What are bee orchids? These interesting orchids produce up to ten long, spiky bee orchid flowers atop long, bare stems. Read on to find out what makes bee orchid flowers so fascinating.
Bee Orchid Facts
Take a look at a blooming bee orchid and you’ll see that the name is well deserved. The fuzzy, little bee orchid flowers look like real bees feeding on three pink petals. This is one of nature’s clever tricks, as bees visit the plant in hopes of mating with the little faux bees. This bit of bee orchid mimicry ensures the plant is pollinated, as the male bees transfer the pollen to nearby female plants. The sweet aroma doesn’t hurt either when it comes to attracting amorous pollinators. However, in spite of all that effort and trickery, bee orchid flowers are primarily self-pollinating. Bee orchid flowers (Ophrys apifera) are native to the U.K, but the flowers are threatened in some areas, largely due to urban development and agriculture. The plant is protected where populations are vulnerable, including Northern Ireland. Bee orchid flowers are often found in disturbed areas such as open meadows, grasslands, roadsides, railroad embankments, and pastures.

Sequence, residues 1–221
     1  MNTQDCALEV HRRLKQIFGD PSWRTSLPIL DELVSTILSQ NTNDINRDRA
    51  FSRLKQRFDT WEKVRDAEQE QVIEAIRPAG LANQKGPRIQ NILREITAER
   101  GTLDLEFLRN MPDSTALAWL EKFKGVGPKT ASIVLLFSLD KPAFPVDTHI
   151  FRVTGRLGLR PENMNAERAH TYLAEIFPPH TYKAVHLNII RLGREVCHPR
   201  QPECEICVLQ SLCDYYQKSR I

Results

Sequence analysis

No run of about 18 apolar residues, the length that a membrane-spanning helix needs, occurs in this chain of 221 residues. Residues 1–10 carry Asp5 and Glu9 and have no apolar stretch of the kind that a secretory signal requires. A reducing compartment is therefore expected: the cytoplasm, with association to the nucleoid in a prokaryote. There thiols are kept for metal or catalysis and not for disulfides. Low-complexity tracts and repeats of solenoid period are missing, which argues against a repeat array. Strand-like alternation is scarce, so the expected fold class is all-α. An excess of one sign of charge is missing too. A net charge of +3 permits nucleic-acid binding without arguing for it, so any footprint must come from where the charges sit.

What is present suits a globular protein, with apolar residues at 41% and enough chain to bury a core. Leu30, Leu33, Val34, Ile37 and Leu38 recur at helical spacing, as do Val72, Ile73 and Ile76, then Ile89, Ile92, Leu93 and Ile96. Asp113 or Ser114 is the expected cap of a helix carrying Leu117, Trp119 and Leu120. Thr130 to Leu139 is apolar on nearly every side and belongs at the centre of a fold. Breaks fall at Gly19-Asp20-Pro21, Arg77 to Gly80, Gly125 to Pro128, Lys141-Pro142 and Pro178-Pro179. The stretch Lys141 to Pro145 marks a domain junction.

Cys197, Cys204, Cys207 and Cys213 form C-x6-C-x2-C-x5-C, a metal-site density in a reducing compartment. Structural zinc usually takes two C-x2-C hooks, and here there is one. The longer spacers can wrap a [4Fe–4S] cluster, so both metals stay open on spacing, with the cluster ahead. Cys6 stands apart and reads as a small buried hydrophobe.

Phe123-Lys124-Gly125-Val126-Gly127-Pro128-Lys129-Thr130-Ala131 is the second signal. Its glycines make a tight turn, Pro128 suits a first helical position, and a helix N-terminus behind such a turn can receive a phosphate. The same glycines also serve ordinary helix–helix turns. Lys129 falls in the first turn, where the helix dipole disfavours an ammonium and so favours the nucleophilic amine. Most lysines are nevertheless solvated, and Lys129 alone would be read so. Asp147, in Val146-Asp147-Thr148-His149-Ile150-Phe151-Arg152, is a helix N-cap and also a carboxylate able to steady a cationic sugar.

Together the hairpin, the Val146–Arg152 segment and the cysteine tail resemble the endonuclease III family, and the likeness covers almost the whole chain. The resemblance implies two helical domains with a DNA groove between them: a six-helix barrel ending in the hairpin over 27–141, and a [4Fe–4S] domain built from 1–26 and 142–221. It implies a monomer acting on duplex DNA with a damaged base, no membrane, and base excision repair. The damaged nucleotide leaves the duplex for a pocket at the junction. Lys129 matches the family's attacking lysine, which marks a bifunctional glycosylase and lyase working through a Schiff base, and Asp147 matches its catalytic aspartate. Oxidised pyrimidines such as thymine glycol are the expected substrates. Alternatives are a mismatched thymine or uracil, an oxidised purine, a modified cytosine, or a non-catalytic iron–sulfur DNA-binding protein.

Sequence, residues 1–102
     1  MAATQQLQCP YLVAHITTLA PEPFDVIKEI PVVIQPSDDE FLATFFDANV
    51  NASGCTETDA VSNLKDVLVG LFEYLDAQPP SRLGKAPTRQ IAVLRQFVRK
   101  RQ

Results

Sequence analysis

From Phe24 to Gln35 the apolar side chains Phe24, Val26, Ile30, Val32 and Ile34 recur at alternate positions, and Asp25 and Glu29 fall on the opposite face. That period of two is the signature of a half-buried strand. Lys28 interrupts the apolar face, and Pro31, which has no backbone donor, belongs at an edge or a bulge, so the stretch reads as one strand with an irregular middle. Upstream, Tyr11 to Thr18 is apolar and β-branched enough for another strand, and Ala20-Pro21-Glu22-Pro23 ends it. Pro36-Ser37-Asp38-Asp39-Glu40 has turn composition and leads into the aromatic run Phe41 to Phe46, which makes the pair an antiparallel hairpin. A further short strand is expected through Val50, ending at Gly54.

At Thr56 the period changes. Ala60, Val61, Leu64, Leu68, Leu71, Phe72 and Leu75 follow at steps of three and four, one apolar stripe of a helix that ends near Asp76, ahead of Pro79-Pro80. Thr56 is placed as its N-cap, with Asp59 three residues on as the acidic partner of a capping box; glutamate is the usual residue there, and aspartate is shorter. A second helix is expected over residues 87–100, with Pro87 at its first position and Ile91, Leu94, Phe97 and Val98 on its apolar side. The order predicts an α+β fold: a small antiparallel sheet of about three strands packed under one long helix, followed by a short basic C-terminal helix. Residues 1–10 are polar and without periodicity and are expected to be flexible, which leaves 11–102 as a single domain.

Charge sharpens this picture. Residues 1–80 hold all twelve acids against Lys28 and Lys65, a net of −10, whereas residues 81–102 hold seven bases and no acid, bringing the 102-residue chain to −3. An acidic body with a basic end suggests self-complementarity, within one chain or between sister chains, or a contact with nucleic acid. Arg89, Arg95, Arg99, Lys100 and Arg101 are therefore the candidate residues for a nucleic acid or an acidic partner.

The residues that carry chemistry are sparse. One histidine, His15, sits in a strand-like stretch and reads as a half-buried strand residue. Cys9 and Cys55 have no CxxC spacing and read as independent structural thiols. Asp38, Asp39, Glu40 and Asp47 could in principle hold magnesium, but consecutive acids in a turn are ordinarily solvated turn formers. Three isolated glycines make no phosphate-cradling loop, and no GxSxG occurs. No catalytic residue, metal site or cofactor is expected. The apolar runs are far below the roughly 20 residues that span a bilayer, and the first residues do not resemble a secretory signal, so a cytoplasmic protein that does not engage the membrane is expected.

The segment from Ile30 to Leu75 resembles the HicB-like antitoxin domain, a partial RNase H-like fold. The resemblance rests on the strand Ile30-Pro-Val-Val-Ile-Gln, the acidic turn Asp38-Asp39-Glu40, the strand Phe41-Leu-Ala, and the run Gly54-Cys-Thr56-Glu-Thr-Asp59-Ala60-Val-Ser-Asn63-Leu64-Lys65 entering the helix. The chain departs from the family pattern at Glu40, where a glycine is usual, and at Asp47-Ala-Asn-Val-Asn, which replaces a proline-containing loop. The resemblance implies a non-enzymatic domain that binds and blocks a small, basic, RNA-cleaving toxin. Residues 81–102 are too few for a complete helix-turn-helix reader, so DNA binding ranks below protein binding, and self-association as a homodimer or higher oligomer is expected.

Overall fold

Bee Orchid Cultivation
Bee orchids aren’t easy to find in the United States, but you may be able to locate the plant from a grower that specializes in orchids – either on-site or online. Bee orchid cultivation is best in a Mediterranean climate, where it grows during the winter and blooms in spring. Orchids prefer moist, humus-rich soil. Plant bee orchids in a location free of moss killers and herbicides, which may kill the plant. Similarly, avoid fertilizers, which don’t benefit the plant but can encourage grasses and other wild plants that can smother the delicate orchids. Other than that, simply sit back and enjoy the interesting appeal of bee orchid plants.
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A Credentialed Garden Writer, Mary H. Dyer was with Gardening Know How in the very beginning, publishing articles as early as 2007.
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